CinqueTerre is a group of five small villages up on Italy's Ligurian Coast. They are connected to one another by a hiking trail, a railroad and a ferry, making it possible to move from one to the next in several different ways. The five towns have been designated a National Park by the Italian government and a 'must see' destination by most guidebooks. It shouldn't be a surprise, therefore, to learn that I was not completely alone in CinqueTerre. There couldn't have been more than 900,000 people, divided about equally into three main groups, wandering back and forth between the five villages while I was trying to enjoy the sights.

The town of Vernazza, seen from the hiking trail.

The first group was the American college students. A huge number of Americans attend college in Italy every year and most of them went to CinqueTerre the same weekend I chose to visit. They were, for the most part, clean cut and energetic. They moved up and down the hiking trail without apparent effort and spent their evenings in the many bars soaking up great quantities of beer, wine, grappa and limoncello. The second group was the Italian contingent. They seemed to travel in tour groups of thirty to fifty people invariably led by a loud woman with an umbrella or pennant held over her head. The majority of them appeared to be in their 30's and 40's. They positioned themselves on the train platforms to take advantage of their mass and charged the opening doors of the train with martial enthusiasm. The third group was the Germans. They were robust and hardy and never took the train or boat. They wore shorts and sturdy hiking boots with heavy socks. They all had backpacks, two lethal looking hiking poles and very determined expressions as they marched along the trail. They were all probably in their fifties and I always moved politely aside as they and their hiking poles came swinging by. I tried to represent a fourth group, the sophisticated, erudite man-of-the-world type of traveller but failed when I managed to get lost on a well-marked trail between two of the villages. Thankfully, a couple of German tourists pointed me in the right direction with their poles or I'd be wandering among the grapevines even still. So that's what this path with all the red and white signs is, it's the trail. Danke!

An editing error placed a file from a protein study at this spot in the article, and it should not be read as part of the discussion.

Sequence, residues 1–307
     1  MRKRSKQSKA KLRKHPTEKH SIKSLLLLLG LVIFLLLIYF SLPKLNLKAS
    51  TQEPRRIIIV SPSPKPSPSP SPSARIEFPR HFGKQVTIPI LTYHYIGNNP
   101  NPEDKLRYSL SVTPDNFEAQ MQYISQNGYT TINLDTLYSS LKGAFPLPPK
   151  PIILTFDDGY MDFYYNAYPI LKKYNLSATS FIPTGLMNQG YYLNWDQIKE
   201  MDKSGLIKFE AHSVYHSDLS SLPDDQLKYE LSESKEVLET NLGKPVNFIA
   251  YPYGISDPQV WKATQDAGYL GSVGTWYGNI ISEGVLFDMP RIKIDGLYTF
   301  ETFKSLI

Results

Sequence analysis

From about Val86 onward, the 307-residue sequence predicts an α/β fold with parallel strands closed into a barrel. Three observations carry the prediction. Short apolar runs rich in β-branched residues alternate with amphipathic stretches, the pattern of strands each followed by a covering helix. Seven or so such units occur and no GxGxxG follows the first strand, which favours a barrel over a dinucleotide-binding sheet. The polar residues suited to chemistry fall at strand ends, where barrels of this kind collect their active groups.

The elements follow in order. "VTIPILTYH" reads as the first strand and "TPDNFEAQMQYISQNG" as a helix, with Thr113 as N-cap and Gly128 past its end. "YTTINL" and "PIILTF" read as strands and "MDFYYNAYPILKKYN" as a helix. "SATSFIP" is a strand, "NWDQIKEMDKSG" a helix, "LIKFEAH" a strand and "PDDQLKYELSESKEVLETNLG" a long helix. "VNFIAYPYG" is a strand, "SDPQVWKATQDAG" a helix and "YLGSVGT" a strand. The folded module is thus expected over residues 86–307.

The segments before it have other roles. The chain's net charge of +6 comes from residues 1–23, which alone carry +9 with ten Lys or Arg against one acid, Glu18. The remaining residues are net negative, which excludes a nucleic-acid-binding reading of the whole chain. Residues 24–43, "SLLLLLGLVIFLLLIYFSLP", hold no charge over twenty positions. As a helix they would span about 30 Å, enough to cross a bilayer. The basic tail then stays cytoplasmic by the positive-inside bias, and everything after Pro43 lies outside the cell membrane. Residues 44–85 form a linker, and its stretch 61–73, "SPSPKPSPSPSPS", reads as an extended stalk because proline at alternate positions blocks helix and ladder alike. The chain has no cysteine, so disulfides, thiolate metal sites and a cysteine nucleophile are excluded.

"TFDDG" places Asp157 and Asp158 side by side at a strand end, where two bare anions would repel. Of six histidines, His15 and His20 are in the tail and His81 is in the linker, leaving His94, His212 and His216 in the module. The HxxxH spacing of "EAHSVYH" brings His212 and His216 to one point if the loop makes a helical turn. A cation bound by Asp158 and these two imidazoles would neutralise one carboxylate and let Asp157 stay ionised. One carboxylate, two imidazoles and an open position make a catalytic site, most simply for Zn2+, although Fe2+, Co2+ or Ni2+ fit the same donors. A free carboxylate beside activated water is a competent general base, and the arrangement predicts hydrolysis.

Corniglia is the only town without its own beach.

In search of a decent lunch in one of the picturesque little towns I made a fatal mistake and ate in a waterfront restaurant with menus printed in five languages. Chef Boyardee would have been ashamed of the spaghetti I was served and I can honestly claim it as the worst meal I've had in Italy. That night, however, I ate in a small place down an alley that had its menu written in Italian in chalk on a board and that meal of stuffed anchovies and calamari more than made up for lunch.

I stayed here in the first town in line, Riomaggiore.

The five towns are very special and well deserve their reputation for having some of the most beautiful scenery in Italy. A two-day pass for the hiking trail also allows you to hop on and off the train, but the boat requires a separate ticket. You'll come into intimate contact with hordes of strangers on either the boat or train. Success has probably spoiled CinqueTerre somewhat in the last few years but the scenery is still magnificent and well worth the visit.

However, just south of CinqueTerre, along the Bay of Poets, are three small towns that have not yet been overrun by tourists. San Terenzo, Lerici and Telaro are also very picturesque and beautiful and only seem to be visited by Italian families on vacation. The three small towns line the shores of the Bay of Poets (named for Percy Bysshe Shelley who seems to have drowned while boating right off shore from San Terenzo) and can be hiked from top to bottom in about an hour and a half. I had one of the very best meals I've eaten in Italy in San Terenzo and two of the most relaxing days. If you decide to go to CinqueTerre but can't get reservations in any of the hotels or BandB's, I'd recommend that you try San Terenzo or Lerici instead. However, if you're a poet I'd suggest you skip a sunset cruise on the bay.

Picturesque and quiet, San Terenzo!

I still want to get down to Puglia and see the towns of Otranto and Lecce. They're on the heel of the boot and are said to have some of the most beautiful sea views in Italy. Actually, I really need to explore the entire Italian coastline, down one side and up the other to be able to make an informed judgement. I only have a little more than a year to do it, so I'd better not waste too much time working!

I was walking home from work the other day when I saw an attractive young woman (a not uncommon sight on the streets of Rome) walking towards me arm-in-arm with her mother. When she was about five feet from me she stopped, pointed to me and said, "Ciao!" I said, "Hello?," but because it was pretty clear that I didn't know who she was she said, "You gave me a visa last week! Thank you soooo much!" Ooops, enjoy your stay at Disney World, miss, and avoid the restaurants with menus printed in five languages.